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12-01-2011, 10:11 PM   #1
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Is my new K-5 ruining my external flashes?

Hello all,

I just purchased a k-5 and I've dusted off all my old camera lenses and flashes from my zx-5 and z-1p days (about 7 years ago). Anyway, I've been trying to take some test pictures. When I turned on my Promaster FTD-7000M it test fired fine. Then I set it on my camera, press the shutter - no fire. Press the test button - no fire. Change batteries - no fire. Seemingly broken.

Well, I thought that the flash must be at fault. Don't know much about the quality of Promaster flashes, but there sure is a lot of features for the cost, so I would think that perhaps the flash is to blame. So, moving on, I tried to play with my Vivitar ring flash. Take a macro picture, flash fires (picture is totally washed out), but the Vivitar now won't fire again!! Same problem.

Now these flashes are Pentax compatible, at least they were for my aforementioned film cameras. Is there a compatibility issue with the k-5? Do I have a lemon k-5 that is causing the problem? or is it the lightning struck twice (figuratively) and my flashes spontaneously broke?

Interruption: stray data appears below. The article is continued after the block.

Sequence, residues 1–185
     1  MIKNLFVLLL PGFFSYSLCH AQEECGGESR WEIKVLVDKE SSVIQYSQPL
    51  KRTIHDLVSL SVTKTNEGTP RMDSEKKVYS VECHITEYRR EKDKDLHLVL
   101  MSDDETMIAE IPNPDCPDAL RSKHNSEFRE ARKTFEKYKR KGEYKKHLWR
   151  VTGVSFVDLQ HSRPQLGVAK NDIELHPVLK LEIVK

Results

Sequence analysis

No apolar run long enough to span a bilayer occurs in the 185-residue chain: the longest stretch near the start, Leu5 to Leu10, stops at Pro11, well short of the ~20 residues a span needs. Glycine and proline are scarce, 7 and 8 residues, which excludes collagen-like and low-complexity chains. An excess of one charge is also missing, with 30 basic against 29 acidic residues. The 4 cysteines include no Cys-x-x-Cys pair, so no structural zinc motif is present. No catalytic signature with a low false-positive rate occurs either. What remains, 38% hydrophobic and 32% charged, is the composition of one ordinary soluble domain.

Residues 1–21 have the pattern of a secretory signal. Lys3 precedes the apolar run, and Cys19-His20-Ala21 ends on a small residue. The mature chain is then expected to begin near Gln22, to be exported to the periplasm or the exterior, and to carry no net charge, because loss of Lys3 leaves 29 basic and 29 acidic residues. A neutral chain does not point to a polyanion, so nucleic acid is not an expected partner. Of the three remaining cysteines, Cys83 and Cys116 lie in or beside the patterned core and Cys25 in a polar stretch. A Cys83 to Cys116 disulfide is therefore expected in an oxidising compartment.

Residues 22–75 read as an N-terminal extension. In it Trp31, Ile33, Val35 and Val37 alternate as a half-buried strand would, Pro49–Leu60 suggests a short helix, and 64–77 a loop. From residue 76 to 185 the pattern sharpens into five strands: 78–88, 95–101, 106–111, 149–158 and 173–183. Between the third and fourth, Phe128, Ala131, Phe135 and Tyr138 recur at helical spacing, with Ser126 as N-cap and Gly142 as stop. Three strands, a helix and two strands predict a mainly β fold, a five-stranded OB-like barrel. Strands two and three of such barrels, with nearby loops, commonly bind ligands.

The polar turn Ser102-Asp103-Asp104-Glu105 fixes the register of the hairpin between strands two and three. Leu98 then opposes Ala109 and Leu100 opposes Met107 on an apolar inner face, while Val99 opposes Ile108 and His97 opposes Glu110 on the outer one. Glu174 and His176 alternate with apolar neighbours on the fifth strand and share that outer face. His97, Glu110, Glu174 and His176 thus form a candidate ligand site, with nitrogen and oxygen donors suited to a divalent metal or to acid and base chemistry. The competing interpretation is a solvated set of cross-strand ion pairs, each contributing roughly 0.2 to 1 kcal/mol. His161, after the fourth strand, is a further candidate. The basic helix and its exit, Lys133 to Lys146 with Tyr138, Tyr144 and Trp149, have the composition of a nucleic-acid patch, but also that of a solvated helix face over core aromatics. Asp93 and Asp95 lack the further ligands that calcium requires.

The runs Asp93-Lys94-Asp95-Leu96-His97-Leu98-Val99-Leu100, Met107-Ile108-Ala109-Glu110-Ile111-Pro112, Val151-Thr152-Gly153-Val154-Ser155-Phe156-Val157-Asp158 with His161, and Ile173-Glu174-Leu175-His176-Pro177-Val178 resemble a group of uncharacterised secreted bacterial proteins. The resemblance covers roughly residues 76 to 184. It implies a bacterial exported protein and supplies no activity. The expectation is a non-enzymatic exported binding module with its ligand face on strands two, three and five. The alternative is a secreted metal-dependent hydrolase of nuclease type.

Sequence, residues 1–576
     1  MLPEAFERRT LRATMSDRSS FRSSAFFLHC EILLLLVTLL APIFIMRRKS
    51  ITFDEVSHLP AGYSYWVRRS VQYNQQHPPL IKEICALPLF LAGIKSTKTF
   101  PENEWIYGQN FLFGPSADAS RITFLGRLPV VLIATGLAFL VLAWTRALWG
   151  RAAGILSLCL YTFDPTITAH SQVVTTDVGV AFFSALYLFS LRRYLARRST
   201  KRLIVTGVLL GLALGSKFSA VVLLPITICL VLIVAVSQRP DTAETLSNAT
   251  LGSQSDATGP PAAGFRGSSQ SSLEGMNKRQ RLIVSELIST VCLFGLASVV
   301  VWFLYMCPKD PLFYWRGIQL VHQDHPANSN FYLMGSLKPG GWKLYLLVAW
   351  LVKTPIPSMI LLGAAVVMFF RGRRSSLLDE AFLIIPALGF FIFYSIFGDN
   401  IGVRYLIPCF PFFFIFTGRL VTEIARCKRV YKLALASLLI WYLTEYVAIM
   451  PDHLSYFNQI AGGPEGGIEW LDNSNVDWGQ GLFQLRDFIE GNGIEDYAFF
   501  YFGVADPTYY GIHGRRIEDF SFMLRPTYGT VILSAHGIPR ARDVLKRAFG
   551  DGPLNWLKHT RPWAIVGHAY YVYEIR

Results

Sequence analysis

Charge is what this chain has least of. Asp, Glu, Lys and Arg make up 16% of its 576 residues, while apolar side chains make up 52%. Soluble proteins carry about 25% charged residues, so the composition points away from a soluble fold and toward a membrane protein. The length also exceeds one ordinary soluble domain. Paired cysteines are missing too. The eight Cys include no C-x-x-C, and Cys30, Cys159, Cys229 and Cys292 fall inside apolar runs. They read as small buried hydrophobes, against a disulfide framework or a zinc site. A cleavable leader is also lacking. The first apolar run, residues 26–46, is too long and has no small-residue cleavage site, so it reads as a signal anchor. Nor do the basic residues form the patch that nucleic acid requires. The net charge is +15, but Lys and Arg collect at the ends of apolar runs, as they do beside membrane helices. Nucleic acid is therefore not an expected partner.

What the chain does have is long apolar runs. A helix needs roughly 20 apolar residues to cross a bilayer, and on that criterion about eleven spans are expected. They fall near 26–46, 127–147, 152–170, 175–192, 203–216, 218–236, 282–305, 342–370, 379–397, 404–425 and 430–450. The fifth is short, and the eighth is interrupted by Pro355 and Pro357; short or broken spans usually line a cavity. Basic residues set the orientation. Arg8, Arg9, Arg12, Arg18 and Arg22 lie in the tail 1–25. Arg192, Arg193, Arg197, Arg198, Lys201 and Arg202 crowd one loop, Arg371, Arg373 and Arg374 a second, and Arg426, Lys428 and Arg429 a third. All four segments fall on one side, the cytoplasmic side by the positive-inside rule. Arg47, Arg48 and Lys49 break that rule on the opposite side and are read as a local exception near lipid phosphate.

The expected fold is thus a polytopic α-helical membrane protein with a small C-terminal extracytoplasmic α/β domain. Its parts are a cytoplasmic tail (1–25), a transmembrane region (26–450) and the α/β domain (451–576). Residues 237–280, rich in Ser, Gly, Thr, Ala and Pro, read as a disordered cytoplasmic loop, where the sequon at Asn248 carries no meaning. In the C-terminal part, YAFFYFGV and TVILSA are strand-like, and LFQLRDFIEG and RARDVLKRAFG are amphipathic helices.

Thanks for any help,

Adam

12-01-2011, 10:28 PM   #2
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I've heard of old film camera flashes blowing up cameras, but not vice versa. That flash has a low voltage, so it should be safe for the K-5.
12-01-2011, 10:43 PM   #3
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Do not just plug in any old flash on a digital camera without doing your research as some of them will fry with your camera with high trigger voltage. Best to use a wireless or slave trigger for any flash you are unsure about.
12-01-2011, 11:45 PM   #4
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If you take them of the camera, do they fire again (test button or by shorting the center pin)?